Monday, March 15, 2010

Vince Wants It Both Ways

Yesterday, Vince Cable went up in my estimation. He told 5 Live that it was impossible to predict the level of cuts which will be needed this year until the books have been seen after the election. He said he had no desire to impost big cuts too soon but financial circumstances, and the level of confidence in the money markets in our ability to repay debt may dictate that big cuts will indeed need to be made sooner rather than later. That's sensible. It's responsible.

But then today, he warns against the effect of making big cuts too soon following a disappointing report in the Bank of England's quarterly bulletin about the state of the jobs market. Cable says:

"The clear implication of the Bank’s analysis is that if any Government tries to cut back too soon, it will aggravate unemployment, making the deficit worse and compounding the country’s problems. Each party must set out a clear process of what and how it will cut to tackle the deficit, but when this starts must be guided by economics, not political dogma."

He's right in the last bit, but compared to what he said yesterday, he's trying to have it both ways. Only 5 months ago, Nick Clegg was calling for "savage cuts". LibDems don't like to be reminded of that. Was he being "guided by economics, or political dogma"?

12 comments:

Paul Owen said...

Also: according to economics? Economics is not a science or is one which is in its formative stages. Its practitioners disagree constantly as we have seen. Cuts are necessary all are agreed. Timing is a judgement call.

Colin said...

Nothing new here. Classic Cable weather vane stuff.

With Vince, it's all about which way the wind is blowing, at any given time.

Don't forget, he was the only politician to predict the recession / downturn / depression / house price bubble / unsustainable levels of personal debt...

except he wasn't... he's an old lefty charlatan.

He's up against a good Tory candidate in Twickenham, he may well get a run for his money.

el-sid said...

Isn't there an element here of "When the facts change, I change my mind - what do you do Sir?"

The BoE figures represent a significant additional data point, and it's not unreasonable to use them to become gloomier on the outlook. Doesn't justify a complete U-turn, but I can sympathise to some extent.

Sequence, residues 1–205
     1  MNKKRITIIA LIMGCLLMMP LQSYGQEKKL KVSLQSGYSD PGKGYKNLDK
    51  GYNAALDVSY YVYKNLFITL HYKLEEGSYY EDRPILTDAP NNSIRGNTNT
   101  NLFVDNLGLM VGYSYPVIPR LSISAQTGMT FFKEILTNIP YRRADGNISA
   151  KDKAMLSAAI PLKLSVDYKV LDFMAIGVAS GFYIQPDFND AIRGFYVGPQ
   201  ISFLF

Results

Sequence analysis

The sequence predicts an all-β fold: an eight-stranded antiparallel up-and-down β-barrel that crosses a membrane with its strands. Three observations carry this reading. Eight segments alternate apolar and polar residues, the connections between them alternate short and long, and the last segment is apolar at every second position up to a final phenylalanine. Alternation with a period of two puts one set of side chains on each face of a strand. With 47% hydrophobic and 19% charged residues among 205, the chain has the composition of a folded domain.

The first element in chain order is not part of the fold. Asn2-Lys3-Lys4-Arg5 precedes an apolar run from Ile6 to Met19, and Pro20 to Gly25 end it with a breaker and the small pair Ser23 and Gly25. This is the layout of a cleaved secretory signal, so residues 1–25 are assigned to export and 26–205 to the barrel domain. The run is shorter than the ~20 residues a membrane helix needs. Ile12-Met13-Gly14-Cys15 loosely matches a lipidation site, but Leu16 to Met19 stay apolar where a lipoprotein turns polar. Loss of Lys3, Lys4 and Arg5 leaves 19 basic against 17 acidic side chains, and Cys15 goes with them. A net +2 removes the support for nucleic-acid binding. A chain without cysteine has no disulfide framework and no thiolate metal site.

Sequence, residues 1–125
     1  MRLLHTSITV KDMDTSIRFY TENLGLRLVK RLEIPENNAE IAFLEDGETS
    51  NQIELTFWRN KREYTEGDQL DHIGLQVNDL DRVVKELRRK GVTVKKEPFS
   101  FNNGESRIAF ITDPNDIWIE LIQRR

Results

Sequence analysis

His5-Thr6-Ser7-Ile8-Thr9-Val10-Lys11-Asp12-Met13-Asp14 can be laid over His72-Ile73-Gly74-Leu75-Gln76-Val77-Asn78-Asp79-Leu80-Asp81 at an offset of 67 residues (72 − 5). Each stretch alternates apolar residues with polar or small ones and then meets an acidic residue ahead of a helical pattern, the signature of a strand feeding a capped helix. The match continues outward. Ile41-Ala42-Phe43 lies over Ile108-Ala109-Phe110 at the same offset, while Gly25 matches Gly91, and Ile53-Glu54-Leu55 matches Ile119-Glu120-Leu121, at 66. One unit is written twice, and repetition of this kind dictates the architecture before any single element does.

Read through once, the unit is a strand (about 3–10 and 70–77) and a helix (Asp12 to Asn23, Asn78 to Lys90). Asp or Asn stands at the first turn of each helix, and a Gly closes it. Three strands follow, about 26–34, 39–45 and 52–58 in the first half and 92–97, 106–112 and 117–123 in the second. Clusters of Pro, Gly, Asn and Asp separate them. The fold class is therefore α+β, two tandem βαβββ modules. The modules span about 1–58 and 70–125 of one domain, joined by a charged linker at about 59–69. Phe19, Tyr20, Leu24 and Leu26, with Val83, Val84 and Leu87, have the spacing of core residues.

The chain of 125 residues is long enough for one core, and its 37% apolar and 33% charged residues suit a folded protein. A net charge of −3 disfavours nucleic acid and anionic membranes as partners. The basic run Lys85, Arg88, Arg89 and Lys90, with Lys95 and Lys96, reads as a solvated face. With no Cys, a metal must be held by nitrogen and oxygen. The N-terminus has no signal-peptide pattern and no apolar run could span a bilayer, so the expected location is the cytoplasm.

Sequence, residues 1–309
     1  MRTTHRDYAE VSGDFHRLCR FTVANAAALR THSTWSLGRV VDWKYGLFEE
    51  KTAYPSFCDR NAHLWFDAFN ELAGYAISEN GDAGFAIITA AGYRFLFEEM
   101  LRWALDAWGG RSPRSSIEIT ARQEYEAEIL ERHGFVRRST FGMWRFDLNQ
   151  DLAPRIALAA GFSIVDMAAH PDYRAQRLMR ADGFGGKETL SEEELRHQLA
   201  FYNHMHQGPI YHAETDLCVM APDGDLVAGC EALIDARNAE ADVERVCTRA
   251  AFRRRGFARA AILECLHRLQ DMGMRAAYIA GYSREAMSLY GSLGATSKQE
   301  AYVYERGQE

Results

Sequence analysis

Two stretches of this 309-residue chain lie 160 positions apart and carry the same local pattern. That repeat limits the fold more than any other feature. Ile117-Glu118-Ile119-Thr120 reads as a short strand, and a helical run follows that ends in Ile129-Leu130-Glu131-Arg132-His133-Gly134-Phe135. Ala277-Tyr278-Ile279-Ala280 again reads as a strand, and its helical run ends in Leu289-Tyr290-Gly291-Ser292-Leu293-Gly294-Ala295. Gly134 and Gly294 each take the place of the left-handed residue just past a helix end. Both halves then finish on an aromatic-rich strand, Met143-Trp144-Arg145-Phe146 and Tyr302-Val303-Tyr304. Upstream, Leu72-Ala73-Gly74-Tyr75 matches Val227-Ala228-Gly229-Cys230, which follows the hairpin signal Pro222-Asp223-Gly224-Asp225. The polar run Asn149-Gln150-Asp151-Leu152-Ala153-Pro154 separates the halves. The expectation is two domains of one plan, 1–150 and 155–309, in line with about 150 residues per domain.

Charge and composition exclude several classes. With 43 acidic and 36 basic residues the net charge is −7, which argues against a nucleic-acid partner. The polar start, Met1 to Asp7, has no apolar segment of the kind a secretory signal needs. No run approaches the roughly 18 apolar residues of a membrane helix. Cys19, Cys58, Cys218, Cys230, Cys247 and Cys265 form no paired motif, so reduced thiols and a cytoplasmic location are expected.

Trouble is that whether GDP is -1% or +1%, it shouldn't affect government actions. Either £x can be spent in a way that strengthens the economy or it can't. If it can't strengthen the economy, then you've no business spending it, whether GDP is -5% or +5%. If it the spending will make things better then why not just do it?

Certainly doing things to invest in the long-term future of the economy is a lot better use of China's money than urinating it away on short-term waste for the sake of spending.

el-sid said...

PS Meant to say - since it looks like we're heading for a double dip, wouldn't preventing strikes be a more cost-effective way or helping the economy than spending lots of our children's money?

Just sayin'.

Fausty said...

The banks want to keep loaning money to this profligate government - and the latter doesn't mind a bit.

Not only must they ditch political dogma, all parties should start telling the truth.

We're all getting a little fed up with the corrupt system we have and none of them want to change it.

They just tinker at the edges to appear to be doing something about it.

Can they not see why their poll ratings are so low?

The voters can.

DespairingLiberal said...

He's reacting to the latest B of E unemployment forecasts. What's wrong with that? Surely one of the main points is to remain flexible in the face of day to day news.

All the parties are flip-flopping like mad at the moment on most issues anyway. It's enough to make a voter look to fringe parties!

Antisthenes said...

Another case of perception. He made a few comments on economic matters, that appeared profound but were not, everybody hailed him as the new messiah come to cleanse this land of greedy money lenders and he has been dining on his ill gotten reputation ever since.

You can FOOL most of the people all of the time. (Bully boy is a past master at the game)

Moriarty said...

"It's enough to make a voter look to fringe parties!"

You wish.

nickthornsby said...

I fail to see anything at all that is contradictory in what Vince has said. You valiantly attempt to have a go at Vince every few months in the hope that something might stick, Iain, but I'm afraid you need to be clearer. Exactly what in Vince's comments has been contradictory?

HillBilly said...

Nick Thornsby says:
"Exactly what in Vince's comments has been contradictory"?
Vince's unjustified Guru reputation was forensically dismantled by Andrew Neil a few months ago (Daily Politics?). On every significant economic issue Cable has changed his position. I expect that your more techy followers can find the link that eludes me.

Mulligan said...

Hillbilly

Indeed, as per his "one million, er Nick what was that, I meant two million pound" mansion tax.

Osama the Nazarene said...

SOunds like all teh parties want a blank cheque from the electorate.

We can't be specific for add your excuse here about where the cuts will fall but vote for us.

Come the election they all will have to do better in fleshing out where the cuts will fall. Boy George made a small start and then Cameron wet himself and all reverted to generalities.

Tories claim that cuts will be deep and must start now.

Liebor claim that there will be some cuts, but not yet and we know they are lieing. THe rest will be covered by tax increases on the rich.

Lib Dems veer between the two.